Parent Training Today
a book by Kerby Alvy
(our site's book review)
Alvy contends that most of our country’s most pressing and depressing problems can be traced back to breakdowns in the family and in child/parent relationships. His book shows how parent training (programs, videos, books, etc.) helps with these problems. It offers guidelines for how various segments of society (media, churches, schools, businesses, government) can work together to provide the parent training that is necessary for survival and achievement in the 21st century. It is a call to action. Alvy is a clinical child psychologist and parent training expert. He’s Executive Director for the Center for the Improvement of Child Caring (CICC), which is a California research and training organization that creates, delivers and disseminates model parent training programs, including P.E.T., S.T.E.P., and the Confident Parenting program delivered by CICC. (The Confident Parenting program is mostly P.E.T. and S.T.E.P. and a couple of errors: using commands and power and using time-out punishments.) The book discusses the rapidly changing family contexts in society, new challenges for contemporary parents, the benefits of parent training for individuals, families and communities, and various programs offered to parents.
Alvy looks at dozens of studies on parent training effectiveness and concludes that “The majority of parents who participate learn and apply the child-rearing skills, strategies and outlooks that are needed for effective contemporary parenting. As a result, the behavior of their children is improved and families are strengthened. . . . The majority made significant changes in their child-rearing attitudes and practices. They became more accepting, understanding and respectful of their children and of their children’s unique characteristics. They engaged in more positive parenting practices, and either reduced or totally stopped using negative physical and verbal means to control their children’s behavior. Overall, they became more positive, authoritative, involved, competent and confident in their leadership of the family.” He also says that “. . . national surveys . . . revealed that the more frequently corporal punishment and verbal aggression were used, the more at risk children were for immediate mental health, academic and legal problems, and for subsequent health, family and career problems.” And since parent training reduces punishment strategies, it plays a significant part in dealing with our nation’s problems, says Alvy. The programs reinforce democratic parenting values and family relationships.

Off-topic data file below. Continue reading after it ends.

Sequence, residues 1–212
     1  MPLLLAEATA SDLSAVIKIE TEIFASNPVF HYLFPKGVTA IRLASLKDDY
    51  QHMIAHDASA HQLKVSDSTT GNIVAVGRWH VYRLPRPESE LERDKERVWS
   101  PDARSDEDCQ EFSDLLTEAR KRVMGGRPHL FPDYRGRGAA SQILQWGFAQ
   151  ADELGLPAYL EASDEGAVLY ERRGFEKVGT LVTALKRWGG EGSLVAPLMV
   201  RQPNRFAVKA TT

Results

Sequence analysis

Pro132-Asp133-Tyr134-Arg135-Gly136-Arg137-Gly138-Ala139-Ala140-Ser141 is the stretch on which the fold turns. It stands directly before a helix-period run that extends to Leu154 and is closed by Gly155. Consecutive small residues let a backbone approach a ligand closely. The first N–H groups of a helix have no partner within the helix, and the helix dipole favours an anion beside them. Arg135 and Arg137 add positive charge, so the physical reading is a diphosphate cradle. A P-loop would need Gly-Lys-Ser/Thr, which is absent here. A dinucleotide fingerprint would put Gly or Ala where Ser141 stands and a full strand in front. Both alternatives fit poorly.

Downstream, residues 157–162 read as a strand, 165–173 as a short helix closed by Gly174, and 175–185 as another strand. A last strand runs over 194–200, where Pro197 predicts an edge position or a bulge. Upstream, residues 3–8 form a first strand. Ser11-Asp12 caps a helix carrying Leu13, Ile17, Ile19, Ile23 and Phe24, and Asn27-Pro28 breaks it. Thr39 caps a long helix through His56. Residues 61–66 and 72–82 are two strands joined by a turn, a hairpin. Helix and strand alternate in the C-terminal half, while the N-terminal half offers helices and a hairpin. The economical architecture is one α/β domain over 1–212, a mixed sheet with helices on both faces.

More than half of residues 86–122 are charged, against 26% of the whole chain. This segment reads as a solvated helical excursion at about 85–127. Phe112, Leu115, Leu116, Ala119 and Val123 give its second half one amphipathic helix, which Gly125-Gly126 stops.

Corporal punishment leads to immediate mental health, academic and legal problems, and subsequent health, family and career problems—Alvy avoids it
This book shows many tables of the specifics of every aspect of parent training results. It also details many of the studies that have been done on parent training courses. Authoritative parenting is by far the most effective parenting method, and the only one taught by knowledgeable professionals. It leads to self-esteem, cooperation, mental and social competence, less narcissism, etc. There are literally dozens of other benefits listed. Today’s kids need much more knowledge and many more skills than did previous generations’ kids. The modern, future-shocked world has new dangers as well as new opportunities.
Even brief parenting programs, videos and TV programs turned out to be quite beneficial to families. Even abusive parents made positive changes as a result of parenting program exposure.
“We now have the parent training technology to bring about fundamental changes in how families operate, and we now have the research results to demonstrate it.” The problem is that “. . . only a tiny minority of America’s parents have ever taken the programs.” This minority turns out to be 5 percent. “Given that these programs are so effective and given that all parents need them, we have a long way to go.” Here is Alvy’s Blueprint for a Safer and Better America:
- Train and Support More Parenting Instructors
- Raise Public Awareness about Effective Contemporary Parenting and the Need for Parent Training
- Saturate Communities with Parent Training Programs and Information
- Organize Parents into Mutual Support and Advocacy Clubs